Rapid Fire Reviews – 3/9

Posted: by Sean Gonzalez

Inner Temple – The Games We Play

I guess post-grunge is still a thing. Out of Pennsylvania booms Inner Temple, an alternative rock band that blends sludgy distorted progressions with throaty howls from Dustin Schumacher. Being a two song attack, the music borders the line of old school Smile Empty Soul and arena rock form the 90s, droning through progressions with heavy sounding patterns. The lyrics are emotionally charged, wandering through questions of how to continue forward with life and not give up. This is only a preview of what is to come, but if you enjoy heavier music, keep an eye out.

Score: 6.8/10

Mr. Bones – Bites

Tragically lighthearted yet effective at being depressingly fun, Mr. Bones playfully create music that is for the melancholy. It’s hard to describe being miserable in a lo-fi/garage band, but the constant whales and monotonous vocals from the Portland group cover that issue. “Do you Want To Feel Alright?” is a track that asks that very question. It’s like looking through a window of shining optimism but being on the rainy and gloomy side of it. Yet, with all of the distress, the songs have a bounce to them, calling people to chime in and express their feelings. It’s hard not to have a sense of charm when listening to the upbeat “Bad Drivers Of South Carolina,” or “Aerostar.” What makes Bones so efficient with it’s delivery is the moody atmosphere of the vocals. Whether in unkempt unhappiness or in a questioning fit of pity, they cut through with testy lyrics that read out of a diary.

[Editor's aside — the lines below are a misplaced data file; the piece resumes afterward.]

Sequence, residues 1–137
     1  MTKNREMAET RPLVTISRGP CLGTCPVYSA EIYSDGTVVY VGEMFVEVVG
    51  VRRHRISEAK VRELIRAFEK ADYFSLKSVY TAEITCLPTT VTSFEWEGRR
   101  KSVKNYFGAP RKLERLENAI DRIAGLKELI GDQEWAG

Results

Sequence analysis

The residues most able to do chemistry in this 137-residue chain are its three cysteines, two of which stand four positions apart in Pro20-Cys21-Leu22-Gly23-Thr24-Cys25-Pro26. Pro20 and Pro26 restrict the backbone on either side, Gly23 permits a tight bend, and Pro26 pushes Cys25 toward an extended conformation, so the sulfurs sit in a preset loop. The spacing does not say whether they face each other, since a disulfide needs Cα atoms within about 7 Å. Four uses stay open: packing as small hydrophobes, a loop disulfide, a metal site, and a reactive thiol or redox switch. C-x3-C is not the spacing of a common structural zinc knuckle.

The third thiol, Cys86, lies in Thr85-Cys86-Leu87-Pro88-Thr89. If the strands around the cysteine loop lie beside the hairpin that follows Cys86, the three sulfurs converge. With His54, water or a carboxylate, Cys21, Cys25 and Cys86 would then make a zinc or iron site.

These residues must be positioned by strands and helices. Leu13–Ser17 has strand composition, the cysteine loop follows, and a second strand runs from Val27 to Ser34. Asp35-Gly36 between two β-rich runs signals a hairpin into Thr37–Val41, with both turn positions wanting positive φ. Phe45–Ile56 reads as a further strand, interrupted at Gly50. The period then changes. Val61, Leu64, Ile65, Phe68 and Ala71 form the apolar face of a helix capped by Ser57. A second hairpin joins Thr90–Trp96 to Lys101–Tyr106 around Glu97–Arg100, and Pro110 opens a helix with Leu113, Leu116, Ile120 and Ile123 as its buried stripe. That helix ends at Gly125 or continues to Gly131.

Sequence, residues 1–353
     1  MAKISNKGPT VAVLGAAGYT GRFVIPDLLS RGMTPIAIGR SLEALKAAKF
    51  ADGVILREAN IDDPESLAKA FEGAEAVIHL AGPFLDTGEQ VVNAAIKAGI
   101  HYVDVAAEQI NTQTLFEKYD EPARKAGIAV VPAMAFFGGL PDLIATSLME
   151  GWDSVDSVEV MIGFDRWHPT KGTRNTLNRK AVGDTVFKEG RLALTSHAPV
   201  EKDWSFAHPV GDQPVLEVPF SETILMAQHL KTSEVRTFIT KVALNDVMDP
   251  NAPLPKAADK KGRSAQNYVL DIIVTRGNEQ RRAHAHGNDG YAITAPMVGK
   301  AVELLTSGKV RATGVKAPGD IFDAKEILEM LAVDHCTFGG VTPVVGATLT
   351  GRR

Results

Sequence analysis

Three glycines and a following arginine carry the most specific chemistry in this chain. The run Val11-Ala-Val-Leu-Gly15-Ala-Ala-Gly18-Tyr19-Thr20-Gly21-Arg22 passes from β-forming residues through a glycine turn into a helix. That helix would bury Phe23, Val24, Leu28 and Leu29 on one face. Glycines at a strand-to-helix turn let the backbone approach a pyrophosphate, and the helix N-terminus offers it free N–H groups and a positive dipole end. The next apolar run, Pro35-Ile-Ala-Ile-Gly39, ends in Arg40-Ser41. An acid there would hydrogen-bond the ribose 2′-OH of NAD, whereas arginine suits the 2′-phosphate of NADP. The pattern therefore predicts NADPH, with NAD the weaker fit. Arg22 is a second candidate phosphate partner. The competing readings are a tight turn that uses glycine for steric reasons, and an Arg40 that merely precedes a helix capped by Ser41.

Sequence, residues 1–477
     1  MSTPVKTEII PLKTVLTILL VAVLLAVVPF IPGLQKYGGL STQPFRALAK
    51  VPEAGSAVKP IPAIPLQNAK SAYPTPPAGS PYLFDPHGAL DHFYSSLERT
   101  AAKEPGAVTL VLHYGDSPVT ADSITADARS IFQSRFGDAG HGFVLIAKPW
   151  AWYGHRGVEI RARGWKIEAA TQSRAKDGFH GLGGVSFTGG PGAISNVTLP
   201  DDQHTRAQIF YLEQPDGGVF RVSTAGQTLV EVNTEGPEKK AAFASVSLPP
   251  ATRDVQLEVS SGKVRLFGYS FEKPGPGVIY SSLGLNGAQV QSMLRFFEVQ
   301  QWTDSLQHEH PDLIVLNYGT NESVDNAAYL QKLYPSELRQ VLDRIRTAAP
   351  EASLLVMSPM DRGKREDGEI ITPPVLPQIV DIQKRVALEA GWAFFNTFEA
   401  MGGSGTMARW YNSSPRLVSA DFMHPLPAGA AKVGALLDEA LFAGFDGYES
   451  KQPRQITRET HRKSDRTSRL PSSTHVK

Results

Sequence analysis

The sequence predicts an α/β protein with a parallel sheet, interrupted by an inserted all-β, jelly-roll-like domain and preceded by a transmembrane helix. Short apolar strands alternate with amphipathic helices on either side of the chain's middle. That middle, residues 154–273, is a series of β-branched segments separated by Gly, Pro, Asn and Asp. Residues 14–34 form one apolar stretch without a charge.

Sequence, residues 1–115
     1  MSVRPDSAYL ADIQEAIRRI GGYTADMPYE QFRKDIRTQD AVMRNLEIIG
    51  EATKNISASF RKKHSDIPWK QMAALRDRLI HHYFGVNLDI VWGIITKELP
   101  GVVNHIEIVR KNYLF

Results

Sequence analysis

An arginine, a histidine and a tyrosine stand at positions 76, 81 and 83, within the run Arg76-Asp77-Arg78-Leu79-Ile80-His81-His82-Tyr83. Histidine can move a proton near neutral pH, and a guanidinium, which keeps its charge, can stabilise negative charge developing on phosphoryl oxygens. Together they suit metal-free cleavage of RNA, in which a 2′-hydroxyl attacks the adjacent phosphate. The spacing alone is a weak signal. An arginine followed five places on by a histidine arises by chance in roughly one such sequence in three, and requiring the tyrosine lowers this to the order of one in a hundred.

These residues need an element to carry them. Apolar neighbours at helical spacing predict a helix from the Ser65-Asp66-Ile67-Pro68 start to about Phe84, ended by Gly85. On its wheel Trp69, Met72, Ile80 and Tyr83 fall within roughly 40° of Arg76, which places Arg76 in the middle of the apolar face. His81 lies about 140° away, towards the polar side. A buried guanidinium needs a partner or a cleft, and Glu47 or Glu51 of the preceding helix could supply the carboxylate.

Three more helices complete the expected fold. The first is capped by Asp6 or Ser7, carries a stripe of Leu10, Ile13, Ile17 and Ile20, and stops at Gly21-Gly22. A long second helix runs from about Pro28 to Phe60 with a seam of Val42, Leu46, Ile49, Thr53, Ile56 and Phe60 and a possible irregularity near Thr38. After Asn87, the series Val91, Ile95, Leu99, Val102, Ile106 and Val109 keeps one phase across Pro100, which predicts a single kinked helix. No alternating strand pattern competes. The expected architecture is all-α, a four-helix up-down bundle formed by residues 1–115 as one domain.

Score: 8/10

Dead Stars – Bright Colors

Fuzzy and warm, Dead Stars keep the garage rock theme with their pop beats hiding behind the buzzing distortion. Opening track “Calm Punk” sets off the mood with its title and audible presence. Bright Colors really is a calm and focused record. Channeling slacker rock like that of Colleen Green with personal lyrics, the New York trio make great use of their strengths in bringing each mid tempo song to life. Throughout this, the band rely on catchy melodies to break up the droning music,  “Stay Here” does just that while also showcasing the beautiful dynamic change the band plays with. The verses are soft while the chorus is muddled with guitars and a mid range vocal delivery to slice through the buzz. Closing track, “Oh Well,” is a treat for making it through the entire record, being the longest and most focused track on the LP. It intelligently shifts through different dynamics while being beautifully repetitive, allowing for listeners to latch onto the lyrics immediately. 

Score: 7/10